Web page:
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There seems to be an increased appetite among jazz fans of late for the inherent soulful funkiness of a Hammond B3 organ/guitar trio. With Manhattan's club Smoke holding B3 nights each Tuesday, this genre that peaked during the ‘60s and ‘70s is back in a big way. From the first cut on guitarist Greg Skaff's Blues for Mr. T, it is easy to see why as Skaff, Mike LeDonne (B3), and Joe Farnsworth (drums) bring that live feel right into the studio.
A tribute to sax great Stanley Turrentine, with whom Skaff honed his craft, the original four-hour session wound up for the most part a live studio set that features plenty of room for organ and guitar to show off their best. Blues for Mr. T is chock full of dexterous guitar and extra juicy B3 across ballads, blues, jazz and straight up funk.
"Baku" opens with Skaff in control and then gets real funky as B3 leads with guitar comping, until several drum breaks signal it is time for Skaff to re-join for what becomes a signature full sound. Farnsworth is solid throughout. Very steady B3 bass pedal work makes for a substantial foundation for Skaff and LeDonne to effectively decorate with quick powerful runs and trenchant chords. The title cut serves notice that Mr. T is not a dude to mess with, as it highlights the B3's incredible range and might. Skaff displays an expert command of the fretboard on the bluesy "Rambler" and the classic B3/guitar sound of "Super 80," which also features a succulent organ solo. The Freddie Hubbard composition "Delphia" begins with a delicate guitar solo before the trio takes the piece through blues, jazz, funk and gospel.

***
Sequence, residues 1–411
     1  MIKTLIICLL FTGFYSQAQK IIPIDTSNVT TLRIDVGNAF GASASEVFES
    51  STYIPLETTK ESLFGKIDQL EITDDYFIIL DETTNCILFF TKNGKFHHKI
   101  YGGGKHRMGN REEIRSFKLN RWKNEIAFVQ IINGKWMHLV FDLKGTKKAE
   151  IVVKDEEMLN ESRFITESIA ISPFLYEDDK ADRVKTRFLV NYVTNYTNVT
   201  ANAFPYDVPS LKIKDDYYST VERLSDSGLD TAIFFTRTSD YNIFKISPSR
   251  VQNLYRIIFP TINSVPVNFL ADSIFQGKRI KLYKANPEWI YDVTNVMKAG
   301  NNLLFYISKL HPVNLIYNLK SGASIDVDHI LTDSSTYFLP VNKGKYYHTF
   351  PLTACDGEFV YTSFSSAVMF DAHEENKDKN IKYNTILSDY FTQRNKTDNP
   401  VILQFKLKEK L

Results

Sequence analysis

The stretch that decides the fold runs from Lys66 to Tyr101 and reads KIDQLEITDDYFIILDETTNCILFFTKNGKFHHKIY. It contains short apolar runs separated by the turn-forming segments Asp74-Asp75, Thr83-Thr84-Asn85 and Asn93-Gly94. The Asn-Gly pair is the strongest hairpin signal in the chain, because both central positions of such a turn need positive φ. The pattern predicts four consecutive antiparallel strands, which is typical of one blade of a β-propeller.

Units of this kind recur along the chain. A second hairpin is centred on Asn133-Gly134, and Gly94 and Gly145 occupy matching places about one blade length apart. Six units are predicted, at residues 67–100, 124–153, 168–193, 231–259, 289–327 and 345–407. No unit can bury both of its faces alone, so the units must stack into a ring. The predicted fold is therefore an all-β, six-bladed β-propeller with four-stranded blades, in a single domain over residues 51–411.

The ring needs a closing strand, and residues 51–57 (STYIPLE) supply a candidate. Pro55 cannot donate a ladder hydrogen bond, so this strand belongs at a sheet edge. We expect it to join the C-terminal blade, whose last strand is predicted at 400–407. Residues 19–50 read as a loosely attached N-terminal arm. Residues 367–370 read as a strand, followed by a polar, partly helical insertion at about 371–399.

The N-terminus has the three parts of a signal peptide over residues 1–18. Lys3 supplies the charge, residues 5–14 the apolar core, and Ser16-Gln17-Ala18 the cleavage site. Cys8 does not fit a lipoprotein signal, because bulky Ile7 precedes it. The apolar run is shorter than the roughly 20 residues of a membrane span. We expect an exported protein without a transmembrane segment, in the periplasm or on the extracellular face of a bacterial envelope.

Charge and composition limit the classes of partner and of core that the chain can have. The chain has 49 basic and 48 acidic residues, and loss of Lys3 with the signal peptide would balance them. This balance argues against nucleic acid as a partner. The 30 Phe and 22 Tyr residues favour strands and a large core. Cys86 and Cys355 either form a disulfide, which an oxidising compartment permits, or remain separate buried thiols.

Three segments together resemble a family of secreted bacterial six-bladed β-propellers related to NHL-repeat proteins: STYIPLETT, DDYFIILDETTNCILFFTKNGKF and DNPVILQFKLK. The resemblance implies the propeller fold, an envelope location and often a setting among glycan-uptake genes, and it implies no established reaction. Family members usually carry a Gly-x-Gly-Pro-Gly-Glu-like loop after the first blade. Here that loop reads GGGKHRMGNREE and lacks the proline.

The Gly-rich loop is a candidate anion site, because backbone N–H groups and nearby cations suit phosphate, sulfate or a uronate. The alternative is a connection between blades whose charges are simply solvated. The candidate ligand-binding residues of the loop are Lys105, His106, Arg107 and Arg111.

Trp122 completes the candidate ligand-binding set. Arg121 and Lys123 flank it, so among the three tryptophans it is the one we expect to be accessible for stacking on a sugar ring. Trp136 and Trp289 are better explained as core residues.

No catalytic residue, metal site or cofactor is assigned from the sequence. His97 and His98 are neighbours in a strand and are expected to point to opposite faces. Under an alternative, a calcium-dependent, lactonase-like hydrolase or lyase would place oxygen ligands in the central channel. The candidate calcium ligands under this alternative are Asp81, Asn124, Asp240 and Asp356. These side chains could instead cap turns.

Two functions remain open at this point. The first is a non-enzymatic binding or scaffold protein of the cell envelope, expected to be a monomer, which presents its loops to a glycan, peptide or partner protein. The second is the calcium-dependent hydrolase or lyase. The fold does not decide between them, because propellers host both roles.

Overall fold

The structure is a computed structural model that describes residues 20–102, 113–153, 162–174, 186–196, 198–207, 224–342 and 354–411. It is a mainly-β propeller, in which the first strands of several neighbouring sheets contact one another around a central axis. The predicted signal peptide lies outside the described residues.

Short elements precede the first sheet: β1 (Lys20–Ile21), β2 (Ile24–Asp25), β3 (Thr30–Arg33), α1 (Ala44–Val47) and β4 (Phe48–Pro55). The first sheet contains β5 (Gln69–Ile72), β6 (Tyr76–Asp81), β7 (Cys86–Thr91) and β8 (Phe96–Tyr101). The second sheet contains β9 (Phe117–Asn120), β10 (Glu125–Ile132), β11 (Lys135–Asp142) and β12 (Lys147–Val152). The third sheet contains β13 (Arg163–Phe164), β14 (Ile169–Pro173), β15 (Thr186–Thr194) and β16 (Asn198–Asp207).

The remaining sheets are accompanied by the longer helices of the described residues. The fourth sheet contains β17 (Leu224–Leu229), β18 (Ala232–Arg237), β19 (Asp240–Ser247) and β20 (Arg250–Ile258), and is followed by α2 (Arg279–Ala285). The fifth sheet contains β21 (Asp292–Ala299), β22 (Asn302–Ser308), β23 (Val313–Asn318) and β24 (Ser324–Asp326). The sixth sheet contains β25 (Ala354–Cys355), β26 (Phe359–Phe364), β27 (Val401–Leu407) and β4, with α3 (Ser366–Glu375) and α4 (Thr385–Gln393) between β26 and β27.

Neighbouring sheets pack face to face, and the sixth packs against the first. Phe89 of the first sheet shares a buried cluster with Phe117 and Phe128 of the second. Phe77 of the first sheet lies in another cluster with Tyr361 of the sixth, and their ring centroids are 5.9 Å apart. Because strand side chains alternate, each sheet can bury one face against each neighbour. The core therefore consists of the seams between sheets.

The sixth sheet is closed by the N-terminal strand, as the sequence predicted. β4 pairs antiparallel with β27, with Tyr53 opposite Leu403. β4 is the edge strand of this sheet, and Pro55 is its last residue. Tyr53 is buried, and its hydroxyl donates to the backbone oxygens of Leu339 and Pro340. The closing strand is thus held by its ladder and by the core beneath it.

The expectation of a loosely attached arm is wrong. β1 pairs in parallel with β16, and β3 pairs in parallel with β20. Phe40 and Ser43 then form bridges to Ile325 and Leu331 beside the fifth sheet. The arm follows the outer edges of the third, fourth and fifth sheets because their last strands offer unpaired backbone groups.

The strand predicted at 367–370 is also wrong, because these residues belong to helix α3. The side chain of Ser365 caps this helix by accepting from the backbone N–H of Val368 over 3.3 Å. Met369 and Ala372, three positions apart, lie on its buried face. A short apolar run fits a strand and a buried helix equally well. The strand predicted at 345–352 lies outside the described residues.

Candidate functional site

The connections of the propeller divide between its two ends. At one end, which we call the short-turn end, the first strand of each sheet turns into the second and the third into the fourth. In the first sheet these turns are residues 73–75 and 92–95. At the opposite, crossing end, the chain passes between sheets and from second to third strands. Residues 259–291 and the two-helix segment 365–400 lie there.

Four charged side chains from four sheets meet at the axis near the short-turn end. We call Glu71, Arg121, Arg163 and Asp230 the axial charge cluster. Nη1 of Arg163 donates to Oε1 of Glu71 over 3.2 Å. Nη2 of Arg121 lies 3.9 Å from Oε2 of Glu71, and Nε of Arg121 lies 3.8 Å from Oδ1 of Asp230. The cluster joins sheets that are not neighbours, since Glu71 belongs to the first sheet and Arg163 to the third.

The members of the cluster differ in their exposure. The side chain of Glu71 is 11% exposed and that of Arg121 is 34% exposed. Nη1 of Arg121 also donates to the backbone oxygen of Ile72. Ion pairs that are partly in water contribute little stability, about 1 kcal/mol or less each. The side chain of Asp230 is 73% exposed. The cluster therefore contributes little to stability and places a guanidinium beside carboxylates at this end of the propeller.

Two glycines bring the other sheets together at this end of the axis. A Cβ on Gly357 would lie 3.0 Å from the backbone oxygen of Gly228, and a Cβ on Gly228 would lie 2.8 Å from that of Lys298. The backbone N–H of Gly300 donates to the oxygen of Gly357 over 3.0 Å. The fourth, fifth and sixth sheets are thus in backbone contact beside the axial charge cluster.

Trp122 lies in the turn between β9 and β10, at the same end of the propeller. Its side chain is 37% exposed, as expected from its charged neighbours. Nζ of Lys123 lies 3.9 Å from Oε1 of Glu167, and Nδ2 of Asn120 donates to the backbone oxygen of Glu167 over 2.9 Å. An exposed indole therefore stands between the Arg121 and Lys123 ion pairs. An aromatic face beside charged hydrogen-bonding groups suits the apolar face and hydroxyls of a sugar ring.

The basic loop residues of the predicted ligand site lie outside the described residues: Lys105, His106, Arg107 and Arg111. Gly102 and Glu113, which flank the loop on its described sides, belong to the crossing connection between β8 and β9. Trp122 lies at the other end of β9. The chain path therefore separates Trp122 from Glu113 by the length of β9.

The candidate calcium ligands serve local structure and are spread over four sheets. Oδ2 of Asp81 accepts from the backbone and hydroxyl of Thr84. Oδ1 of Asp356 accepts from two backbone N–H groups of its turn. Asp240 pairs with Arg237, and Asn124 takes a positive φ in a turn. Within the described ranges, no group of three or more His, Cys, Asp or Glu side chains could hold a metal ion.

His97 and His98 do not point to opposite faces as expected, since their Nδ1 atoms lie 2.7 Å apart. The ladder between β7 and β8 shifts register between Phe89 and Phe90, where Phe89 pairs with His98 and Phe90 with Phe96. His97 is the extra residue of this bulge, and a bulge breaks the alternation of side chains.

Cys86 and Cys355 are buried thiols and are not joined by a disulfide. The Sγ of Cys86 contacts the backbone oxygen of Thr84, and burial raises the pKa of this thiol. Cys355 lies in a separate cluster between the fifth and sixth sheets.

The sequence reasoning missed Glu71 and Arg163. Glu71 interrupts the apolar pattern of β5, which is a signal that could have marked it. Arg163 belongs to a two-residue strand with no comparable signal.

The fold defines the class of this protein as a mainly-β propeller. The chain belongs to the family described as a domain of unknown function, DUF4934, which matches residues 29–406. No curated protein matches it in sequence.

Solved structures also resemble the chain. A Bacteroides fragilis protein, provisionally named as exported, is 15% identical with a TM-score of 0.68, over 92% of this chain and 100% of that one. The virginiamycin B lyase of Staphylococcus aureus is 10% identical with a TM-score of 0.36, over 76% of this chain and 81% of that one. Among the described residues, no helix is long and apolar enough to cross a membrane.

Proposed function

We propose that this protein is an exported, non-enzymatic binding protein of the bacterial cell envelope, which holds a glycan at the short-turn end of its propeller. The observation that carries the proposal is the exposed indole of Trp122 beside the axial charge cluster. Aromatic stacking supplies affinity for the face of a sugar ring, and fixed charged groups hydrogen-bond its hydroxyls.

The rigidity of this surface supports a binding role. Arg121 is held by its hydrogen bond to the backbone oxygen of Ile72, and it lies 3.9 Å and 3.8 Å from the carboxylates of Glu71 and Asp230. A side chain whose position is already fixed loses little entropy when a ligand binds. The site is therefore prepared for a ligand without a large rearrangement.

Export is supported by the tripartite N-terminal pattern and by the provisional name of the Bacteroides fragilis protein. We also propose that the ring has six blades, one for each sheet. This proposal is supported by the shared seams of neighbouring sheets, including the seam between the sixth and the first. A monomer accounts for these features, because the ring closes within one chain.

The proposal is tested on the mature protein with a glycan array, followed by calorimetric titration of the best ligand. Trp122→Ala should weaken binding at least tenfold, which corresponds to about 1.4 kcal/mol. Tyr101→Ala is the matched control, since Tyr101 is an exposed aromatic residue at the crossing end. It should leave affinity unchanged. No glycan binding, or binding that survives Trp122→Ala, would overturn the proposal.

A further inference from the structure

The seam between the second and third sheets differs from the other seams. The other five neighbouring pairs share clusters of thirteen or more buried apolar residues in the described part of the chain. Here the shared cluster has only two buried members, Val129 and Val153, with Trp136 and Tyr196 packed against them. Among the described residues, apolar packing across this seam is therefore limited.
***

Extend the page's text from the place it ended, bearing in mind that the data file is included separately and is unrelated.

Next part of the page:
Nothing lean here. This is big, fat and high in carbs.
I love jazz because it mixes intellect and emotion in a very spontaneous way.
I was first exposed to jazz by liberating a Coltrane and a Pharoah Sanders record from a friend in NYC and listening to them over and over until I got it.
My advice to new listeners is you have to take the time to listen to some jazz tunes a number of times until it starts to make sense.